Medically, the surface of the intestine, called the lumen, is outside the body. Doctors consider it the largest surface of the human body, about 30 square meters. It acts as a filter and gatekeeper to capture nutrients and expel waste. And intestinal health is associated with diabetes, metabolic health, weight loss, a weakened immune system, mental health, and dozens of other diseases.
There are about 500-800 different populations of microorganisms in the body. The relative balance of this population is often associated with various diseases. Various studies have linked many chronic diseases to microbial populations. And many seemingly unrelated diseases share common microbiome signatures, Van Hoof said.
Researchers do not know why people develop a particular compound or how to tune it. In a recent study, some of Van Hoof’s colleagues ate foods rich in a range of plants that could affect their gut health. Everyone saw a change in diet, but the differences were unique to each person.
Many pieces of the medical digital twin
The elements of the Medical Digital Twin include a new sensor platform built into the Smart Peel, a toilet that analyzes stool and urine, an intelligent lunchbox, a camera that tracks what people eat and how they are fit to wear, and the measures relate to stress and mental well-being. . .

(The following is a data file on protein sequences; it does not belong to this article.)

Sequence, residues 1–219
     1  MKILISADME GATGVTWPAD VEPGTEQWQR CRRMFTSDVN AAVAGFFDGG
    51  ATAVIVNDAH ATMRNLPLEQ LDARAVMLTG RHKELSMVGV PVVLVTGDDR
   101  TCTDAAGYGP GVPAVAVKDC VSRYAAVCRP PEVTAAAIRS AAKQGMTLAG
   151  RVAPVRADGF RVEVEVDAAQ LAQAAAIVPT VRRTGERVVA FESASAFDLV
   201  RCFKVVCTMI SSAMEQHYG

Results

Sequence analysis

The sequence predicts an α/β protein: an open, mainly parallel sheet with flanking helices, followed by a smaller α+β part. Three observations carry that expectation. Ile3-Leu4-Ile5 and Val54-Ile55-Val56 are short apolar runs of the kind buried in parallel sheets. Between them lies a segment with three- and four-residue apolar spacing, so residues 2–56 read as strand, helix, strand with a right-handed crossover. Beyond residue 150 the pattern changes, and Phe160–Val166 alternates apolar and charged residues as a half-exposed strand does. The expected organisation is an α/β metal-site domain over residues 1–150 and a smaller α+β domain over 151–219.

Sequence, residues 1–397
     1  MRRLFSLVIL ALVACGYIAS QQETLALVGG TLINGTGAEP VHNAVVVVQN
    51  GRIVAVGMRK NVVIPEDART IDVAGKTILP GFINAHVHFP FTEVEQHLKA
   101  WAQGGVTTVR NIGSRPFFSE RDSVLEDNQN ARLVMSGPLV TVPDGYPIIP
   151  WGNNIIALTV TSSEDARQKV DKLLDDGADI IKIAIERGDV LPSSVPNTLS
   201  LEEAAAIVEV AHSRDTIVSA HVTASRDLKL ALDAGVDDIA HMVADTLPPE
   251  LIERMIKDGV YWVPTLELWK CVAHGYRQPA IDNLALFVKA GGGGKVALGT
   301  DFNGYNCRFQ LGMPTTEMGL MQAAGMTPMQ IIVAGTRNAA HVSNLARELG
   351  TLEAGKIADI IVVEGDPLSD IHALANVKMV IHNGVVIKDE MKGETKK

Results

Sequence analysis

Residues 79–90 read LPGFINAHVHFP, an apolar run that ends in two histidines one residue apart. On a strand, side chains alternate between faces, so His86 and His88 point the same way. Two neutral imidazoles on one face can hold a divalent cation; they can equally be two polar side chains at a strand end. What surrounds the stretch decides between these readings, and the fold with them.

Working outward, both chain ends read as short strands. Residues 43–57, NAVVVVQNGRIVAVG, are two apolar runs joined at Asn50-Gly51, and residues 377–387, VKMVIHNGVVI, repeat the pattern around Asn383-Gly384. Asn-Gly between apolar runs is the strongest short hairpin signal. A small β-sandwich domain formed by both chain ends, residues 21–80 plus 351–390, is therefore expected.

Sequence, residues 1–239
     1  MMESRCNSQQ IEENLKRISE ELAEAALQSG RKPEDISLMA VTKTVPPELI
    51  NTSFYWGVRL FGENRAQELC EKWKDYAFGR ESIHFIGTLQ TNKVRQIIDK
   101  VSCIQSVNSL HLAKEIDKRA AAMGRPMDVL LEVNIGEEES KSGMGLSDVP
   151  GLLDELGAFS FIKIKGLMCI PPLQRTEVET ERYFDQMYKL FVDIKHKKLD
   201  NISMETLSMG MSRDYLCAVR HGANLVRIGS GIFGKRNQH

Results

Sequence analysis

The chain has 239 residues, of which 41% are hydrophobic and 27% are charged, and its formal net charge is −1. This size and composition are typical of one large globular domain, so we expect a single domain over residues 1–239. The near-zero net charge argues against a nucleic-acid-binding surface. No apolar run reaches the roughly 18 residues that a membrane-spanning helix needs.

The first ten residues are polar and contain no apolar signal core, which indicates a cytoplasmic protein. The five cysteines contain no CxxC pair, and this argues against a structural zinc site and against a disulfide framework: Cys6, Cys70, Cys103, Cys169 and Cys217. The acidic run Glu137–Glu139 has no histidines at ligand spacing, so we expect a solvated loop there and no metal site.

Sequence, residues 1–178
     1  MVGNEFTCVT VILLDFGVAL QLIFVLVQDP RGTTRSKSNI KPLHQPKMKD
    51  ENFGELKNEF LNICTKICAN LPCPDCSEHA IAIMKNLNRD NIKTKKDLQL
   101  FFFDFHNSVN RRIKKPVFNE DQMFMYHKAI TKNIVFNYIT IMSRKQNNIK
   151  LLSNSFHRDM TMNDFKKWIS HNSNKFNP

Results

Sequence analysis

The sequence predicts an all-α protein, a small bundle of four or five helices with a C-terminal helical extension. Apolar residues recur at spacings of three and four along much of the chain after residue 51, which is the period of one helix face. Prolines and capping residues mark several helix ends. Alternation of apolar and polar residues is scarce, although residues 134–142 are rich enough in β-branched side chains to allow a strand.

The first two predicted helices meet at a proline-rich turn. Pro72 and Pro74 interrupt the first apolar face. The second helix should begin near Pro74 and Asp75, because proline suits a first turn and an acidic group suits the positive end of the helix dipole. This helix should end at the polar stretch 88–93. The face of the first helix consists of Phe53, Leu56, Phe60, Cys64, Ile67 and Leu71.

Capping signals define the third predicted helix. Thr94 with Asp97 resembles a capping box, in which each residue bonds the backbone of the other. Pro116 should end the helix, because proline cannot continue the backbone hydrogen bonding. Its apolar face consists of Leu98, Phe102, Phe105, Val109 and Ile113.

Small enough to be swallowed, strong enough to measure the right things and strong enough to survive in harsh environments conducive to breaking down most objects, a lot of work went into creating an elastic package. They are now working through the regulatory process and how to start the first human trial early next year.
The team wanted to be able to take chemical and biological measurements, record physical characteristics such as sound, and communicate wirelessly. It also needed highly efficient electronics, as it needed to run for a week. They also needed to make a kind of GPS for the abdomen so that it could know where the body was moving.